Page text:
The weather this last week has really put a hurt on the ice conditions in the area.

Just a week ago, we still had ice ranging from 20-24 inches on most lakes. The sun, warm temps, and a couple overnights above freezing have made the ice very soft. Rain and wind also contribute to the deterioration of ice from solid and clear, to honeycombed and weak.

You can see by the amount of ground exposure how much melt has occurred. Snow we get now will not last, and below-freezing temperatures overnight will not make or bring back the ice. Those that continued to get out fishing through last weekend have done well on crappies, sunfish, and tullibee.

You can also see that due to the ground exposure and the warming of the ground that occurs as it absorbs heat from the sun, that the ice is starting to pull away from shoreline areas. This will continue to be a part of the process of creating our spring ice out.

The ice sheet can be moved by wind and will now start to absorb water, making it even weaker. Sometimes the ice doesn’t just melt, but it gets saturated, heavy, and sinks.

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The power of the sun this time of year, longer daylight hours, warm days, overnights above freezing, and the spring rains and wind will all demolish the ice faster than you may think (or can remember from past years).

Keep your eyes on the smaller ponds, when they get ice free, the smaller lakes are only a week away, and the larger and deeper lakes about a week or so after them. It looks like we are on target for our average third week in April for ice out (using Big Detroit as the model).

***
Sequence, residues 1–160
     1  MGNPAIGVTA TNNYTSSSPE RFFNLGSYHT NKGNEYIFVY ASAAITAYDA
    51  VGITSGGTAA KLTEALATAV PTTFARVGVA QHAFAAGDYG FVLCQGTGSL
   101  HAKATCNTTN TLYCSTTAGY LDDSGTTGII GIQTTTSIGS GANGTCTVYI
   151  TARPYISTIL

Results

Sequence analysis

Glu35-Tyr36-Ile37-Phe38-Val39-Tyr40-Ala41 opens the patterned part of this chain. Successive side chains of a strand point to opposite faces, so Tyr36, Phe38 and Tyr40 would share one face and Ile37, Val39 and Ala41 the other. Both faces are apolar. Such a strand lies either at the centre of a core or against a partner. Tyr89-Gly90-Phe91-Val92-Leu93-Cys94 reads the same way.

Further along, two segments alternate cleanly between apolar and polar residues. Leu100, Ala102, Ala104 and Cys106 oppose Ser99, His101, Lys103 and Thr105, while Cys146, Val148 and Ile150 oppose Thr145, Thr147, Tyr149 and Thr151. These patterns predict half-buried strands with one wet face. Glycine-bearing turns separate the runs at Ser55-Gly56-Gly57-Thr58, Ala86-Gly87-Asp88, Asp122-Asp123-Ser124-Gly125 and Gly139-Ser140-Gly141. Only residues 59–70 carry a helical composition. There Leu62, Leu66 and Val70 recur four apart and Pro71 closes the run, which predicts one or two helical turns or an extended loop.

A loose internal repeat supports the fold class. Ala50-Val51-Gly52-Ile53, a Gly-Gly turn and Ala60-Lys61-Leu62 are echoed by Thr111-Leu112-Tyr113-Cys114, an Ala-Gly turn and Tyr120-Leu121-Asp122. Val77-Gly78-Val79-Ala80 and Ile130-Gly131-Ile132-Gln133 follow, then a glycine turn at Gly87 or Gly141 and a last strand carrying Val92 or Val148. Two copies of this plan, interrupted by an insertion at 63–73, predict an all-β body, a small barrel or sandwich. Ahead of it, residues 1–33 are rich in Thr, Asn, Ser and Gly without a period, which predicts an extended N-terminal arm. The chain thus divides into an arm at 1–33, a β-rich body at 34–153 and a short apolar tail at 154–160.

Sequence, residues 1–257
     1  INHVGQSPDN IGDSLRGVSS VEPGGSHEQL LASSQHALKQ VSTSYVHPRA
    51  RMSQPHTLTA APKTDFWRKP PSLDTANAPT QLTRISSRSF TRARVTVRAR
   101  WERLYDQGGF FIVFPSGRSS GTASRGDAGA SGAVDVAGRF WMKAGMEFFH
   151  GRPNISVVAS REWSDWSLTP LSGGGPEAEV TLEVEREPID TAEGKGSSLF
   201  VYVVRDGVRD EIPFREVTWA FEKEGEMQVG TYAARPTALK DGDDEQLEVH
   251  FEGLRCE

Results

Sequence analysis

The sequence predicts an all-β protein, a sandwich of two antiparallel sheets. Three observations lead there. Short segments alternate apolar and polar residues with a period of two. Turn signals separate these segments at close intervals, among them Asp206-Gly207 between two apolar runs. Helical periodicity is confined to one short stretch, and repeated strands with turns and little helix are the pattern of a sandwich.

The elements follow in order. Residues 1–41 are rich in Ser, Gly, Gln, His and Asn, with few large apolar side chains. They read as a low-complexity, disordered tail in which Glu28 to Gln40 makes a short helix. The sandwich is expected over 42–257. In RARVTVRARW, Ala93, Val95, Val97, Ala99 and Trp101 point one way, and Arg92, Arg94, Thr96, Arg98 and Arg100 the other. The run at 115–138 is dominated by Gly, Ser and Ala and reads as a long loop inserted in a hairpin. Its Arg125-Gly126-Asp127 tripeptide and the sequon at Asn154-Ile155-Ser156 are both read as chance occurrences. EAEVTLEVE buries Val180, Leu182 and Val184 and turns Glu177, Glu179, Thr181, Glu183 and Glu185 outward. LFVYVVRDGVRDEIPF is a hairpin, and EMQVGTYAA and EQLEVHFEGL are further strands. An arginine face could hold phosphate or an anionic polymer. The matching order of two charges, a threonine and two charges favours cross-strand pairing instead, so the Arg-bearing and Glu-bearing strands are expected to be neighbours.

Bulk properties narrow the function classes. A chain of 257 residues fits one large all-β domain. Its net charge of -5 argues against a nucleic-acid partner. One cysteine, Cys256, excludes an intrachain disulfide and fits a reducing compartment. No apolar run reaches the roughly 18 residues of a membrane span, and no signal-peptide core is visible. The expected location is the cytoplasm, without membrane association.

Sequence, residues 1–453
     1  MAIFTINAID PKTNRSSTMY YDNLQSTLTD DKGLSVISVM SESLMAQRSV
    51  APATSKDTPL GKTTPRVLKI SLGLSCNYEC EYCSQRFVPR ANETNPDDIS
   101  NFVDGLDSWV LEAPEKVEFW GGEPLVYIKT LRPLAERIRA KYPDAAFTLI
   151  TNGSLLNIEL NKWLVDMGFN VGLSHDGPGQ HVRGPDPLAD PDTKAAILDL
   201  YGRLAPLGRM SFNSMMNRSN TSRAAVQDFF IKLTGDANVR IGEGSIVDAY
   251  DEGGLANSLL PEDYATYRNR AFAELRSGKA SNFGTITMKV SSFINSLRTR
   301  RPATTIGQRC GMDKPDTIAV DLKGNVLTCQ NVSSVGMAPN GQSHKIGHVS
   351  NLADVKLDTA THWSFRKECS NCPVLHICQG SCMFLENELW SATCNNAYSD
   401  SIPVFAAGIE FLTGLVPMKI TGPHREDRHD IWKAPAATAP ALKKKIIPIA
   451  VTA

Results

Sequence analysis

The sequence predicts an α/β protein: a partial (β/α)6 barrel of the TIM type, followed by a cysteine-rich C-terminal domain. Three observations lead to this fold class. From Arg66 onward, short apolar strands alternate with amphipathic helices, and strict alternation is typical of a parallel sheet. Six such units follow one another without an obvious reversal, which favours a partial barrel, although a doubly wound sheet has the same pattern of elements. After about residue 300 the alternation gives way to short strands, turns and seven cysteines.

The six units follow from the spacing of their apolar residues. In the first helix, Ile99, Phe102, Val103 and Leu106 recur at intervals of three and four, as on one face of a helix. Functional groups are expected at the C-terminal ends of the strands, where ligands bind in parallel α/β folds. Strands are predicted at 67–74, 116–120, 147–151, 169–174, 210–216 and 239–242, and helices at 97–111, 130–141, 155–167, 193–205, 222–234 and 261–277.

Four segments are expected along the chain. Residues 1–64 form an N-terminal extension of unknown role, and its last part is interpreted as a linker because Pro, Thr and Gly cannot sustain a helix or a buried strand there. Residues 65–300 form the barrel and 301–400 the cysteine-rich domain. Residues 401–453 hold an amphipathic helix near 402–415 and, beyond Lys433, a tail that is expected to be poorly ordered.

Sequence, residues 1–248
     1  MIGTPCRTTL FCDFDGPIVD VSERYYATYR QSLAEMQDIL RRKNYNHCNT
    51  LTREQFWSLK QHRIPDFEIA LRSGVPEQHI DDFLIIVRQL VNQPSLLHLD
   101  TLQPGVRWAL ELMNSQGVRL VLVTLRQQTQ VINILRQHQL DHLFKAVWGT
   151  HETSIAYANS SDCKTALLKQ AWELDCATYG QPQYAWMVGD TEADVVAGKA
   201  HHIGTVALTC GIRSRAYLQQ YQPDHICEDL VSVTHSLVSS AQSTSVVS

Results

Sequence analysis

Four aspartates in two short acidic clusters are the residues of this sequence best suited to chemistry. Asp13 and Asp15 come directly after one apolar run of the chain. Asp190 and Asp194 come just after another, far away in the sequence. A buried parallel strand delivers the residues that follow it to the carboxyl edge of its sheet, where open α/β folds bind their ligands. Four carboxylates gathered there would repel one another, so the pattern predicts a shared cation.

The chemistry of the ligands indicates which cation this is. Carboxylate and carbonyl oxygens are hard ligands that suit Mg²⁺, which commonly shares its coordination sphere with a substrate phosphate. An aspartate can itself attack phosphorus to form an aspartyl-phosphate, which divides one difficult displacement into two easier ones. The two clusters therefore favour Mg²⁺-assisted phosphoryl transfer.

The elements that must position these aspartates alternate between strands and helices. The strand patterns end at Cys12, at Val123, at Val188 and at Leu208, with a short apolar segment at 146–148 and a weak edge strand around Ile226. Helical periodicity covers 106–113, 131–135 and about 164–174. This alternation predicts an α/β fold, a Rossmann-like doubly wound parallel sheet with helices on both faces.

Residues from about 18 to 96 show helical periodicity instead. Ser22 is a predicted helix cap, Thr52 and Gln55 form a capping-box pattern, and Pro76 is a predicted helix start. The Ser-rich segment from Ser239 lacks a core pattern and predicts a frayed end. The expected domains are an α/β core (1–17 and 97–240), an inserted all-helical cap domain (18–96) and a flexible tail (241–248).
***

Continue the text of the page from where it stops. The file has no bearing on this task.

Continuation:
It is time to stay off the ice and wait for the open water. The conditions change rapidly now, and the ice can be very unpredictable from lake to lake. The world has enough going on now, no need creating more of a problem for yourself, or those that may have to help, for a poor choice and needless risk, or the impact that risky behavior can have on those that care about you.

No fish is worth the risk of your health and safety. The recommended “shelter in place” for the state provides a great opportunity to organize and put away your ice fishing equipment. You can also get excited about getting yourself all rigged up for the open water season that is just a few weeks away now.

(Laabs owns Brad Laabs Guide Service in Detroit Lakes)